Date of Graduation
Davis College of Agriculture, Natural Resources and Design
Division of Resource Economics & Management
This dissertation consists of three essays involving environmental pollution, electricity consumption, and farmland leasing in China. These economic analyses are linked by their inclusion of institutional changes which have occurred in China over the past half-century. The first essay examines the effects of environmental pollution and institutional abatement targets on real average housing prices in China. The Spatial Difference-In-Difference model shows that the overall effect of 2006 SO2 institutional abatement targets is to increase real average housing prices across provinces. The changes in both emissions of sulfur dioxide and industrial wastewater discharges have negative impacts on the change of real average housing prices.
Essay two considers one of the most important issues in electricity consumption research, namely, the electricity consumption function. This research demonstrates that metropolitan electricity consumption is a function of economic output and electricity consumption habits along with the electricity demand management reform.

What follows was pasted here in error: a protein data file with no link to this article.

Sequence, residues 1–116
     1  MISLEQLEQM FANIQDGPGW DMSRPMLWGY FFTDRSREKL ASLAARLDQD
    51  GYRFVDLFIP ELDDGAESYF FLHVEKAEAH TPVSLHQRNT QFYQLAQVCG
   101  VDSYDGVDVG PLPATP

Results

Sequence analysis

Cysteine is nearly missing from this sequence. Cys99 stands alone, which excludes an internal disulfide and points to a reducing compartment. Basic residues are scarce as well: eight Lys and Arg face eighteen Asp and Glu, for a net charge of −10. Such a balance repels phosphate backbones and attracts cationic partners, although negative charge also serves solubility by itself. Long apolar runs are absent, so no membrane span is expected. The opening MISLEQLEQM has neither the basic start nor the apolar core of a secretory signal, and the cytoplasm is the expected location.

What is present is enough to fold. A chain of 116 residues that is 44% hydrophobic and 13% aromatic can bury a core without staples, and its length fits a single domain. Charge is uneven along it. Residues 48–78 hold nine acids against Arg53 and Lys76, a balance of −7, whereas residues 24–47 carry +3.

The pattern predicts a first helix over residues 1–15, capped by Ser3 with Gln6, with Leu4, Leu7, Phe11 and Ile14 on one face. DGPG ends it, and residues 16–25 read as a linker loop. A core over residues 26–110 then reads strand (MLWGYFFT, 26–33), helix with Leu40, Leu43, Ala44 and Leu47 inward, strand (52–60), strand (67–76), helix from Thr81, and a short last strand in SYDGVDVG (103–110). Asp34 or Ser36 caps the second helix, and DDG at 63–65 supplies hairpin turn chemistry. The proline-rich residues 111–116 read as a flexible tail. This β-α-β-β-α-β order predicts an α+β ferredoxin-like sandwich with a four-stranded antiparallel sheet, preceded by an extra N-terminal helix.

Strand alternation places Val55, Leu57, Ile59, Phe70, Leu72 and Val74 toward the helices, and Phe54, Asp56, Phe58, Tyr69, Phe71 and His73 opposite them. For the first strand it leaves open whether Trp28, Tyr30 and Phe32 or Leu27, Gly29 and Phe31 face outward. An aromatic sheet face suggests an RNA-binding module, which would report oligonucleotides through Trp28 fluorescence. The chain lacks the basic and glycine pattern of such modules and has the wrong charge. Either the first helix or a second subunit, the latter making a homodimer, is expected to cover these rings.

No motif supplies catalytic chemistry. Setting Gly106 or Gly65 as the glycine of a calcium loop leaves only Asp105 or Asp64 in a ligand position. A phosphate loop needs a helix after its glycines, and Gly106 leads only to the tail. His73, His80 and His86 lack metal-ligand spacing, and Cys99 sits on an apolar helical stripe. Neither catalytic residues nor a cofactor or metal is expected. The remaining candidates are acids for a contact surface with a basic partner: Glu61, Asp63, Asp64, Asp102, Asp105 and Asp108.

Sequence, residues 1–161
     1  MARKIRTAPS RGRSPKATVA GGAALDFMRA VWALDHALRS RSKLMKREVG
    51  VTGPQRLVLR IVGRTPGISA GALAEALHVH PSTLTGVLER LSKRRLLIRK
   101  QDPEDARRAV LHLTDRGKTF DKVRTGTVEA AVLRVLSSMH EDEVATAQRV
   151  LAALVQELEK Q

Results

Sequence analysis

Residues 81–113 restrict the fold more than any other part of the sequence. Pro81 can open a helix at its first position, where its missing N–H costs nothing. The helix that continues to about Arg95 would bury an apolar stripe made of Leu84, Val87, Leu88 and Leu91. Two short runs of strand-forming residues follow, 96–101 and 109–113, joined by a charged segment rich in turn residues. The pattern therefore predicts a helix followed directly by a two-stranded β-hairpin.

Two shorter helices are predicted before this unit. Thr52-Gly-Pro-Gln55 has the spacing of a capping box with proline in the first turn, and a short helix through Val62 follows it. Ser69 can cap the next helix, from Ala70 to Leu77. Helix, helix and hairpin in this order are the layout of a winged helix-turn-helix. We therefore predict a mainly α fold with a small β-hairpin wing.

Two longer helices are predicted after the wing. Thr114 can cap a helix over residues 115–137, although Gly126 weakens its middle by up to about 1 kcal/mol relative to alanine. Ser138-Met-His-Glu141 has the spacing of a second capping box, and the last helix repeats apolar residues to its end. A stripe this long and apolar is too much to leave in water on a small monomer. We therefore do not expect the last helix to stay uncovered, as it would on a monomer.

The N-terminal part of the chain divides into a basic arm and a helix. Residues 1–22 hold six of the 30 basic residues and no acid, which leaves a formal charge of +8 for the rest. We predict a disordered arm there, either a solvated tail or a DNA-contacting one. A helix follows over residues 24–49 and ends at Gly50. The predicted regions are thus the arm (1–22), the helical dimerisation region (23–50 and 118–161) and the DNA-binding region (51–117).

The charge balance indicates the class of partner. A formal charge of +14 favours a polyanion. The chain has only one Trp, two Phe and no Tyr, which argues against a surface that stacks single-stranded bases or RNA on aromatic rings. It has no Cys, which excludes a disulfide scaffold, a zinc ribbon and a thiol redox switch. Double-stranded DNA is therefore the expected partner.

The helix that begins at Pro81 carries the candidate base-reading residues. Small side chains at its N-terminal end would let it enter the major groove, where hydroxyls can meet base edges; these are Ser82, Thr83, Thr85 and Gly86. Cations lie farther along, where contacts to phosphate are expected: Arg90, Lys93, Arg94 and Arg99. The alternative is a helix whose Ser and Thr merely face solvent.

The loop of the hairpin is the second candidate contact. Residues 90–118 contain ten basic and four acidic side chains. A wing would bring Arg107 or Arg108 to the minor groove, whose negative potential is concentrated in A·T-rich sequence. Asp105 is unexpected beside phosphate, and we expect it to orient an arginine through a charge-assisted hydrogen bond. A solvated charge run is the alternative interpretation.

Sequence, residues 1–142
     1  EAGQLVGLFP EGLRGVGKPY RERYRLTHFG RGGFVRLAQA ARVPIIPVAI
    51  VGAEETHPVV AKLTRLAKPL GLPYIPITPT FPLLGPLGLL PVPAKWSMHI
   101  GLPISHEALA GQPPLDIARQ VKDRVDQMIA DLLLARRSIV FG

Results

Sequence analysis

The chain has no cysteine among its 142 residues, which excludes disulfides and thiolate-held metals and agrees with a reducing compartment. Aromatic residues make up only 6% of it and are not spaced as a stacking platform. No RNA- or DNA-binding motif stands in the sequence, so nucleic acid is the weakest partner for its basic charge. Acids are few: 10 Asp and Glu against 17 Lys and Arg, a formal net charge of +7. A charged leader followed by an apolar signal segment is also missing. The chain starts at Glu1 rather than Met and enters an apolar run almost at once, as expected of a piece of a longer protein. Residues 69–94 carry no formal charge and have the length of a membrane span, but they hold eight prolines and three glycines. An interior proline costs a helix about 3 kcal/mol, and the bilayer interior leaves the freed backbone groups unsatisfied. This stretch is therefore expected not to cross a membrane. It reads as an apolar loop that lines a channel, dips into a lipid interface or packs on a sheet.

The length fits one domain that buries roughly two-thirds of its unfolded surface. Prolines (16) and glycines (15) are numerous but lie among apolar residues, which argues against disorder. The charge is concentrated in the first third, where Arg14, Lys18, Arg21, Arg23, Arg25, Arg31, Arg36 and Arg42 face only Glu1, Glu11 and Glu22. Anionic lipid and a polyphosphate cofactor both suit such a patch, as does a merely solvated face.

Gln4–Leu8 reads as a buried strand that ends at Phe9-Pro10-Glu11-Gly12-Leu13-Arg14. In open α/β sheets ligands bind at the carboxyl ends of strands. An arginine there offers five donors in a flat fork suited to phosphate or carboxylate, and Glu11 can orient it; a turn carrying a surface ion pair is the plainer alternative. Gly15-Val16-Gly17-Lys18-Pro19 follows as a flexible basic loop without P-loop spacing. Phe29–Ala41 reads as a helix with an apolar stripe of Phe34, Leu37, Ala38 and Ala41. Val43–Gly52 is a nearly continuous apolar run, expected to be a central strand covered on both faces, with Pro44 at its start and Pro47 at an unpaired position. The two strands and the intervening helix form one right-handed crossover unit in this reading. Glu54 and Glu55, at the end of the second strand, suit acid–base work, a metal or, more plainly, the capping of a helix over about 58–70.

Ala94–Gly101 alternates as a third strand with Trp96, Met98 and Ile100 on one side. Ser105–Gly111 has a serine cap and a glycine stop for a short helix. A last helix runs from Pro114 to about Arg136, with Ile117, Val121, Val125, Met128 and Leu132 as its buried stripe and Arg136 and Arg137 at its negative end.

Finally, the third essay develops a theoretical model to identify optimal farmland contracts. Under complete information, a fixed-rent contract is the optimal institutional arrangement from land lessor’s perspective. Conversely, a share contract is the best choice for land lessor under incomplete information. The empirical results show that the farmer who leases farmland to external individuals has a lower probability of choosing a fixed-rent contract. However, the farmer who leases farmland to internal individuals is less likely to choose a share contract.
He, Yiming, "Essays on Environmental, Energy and Land Economics in China" (2019). Graduate Theses, Dissertations, and Problem Reports. 3788.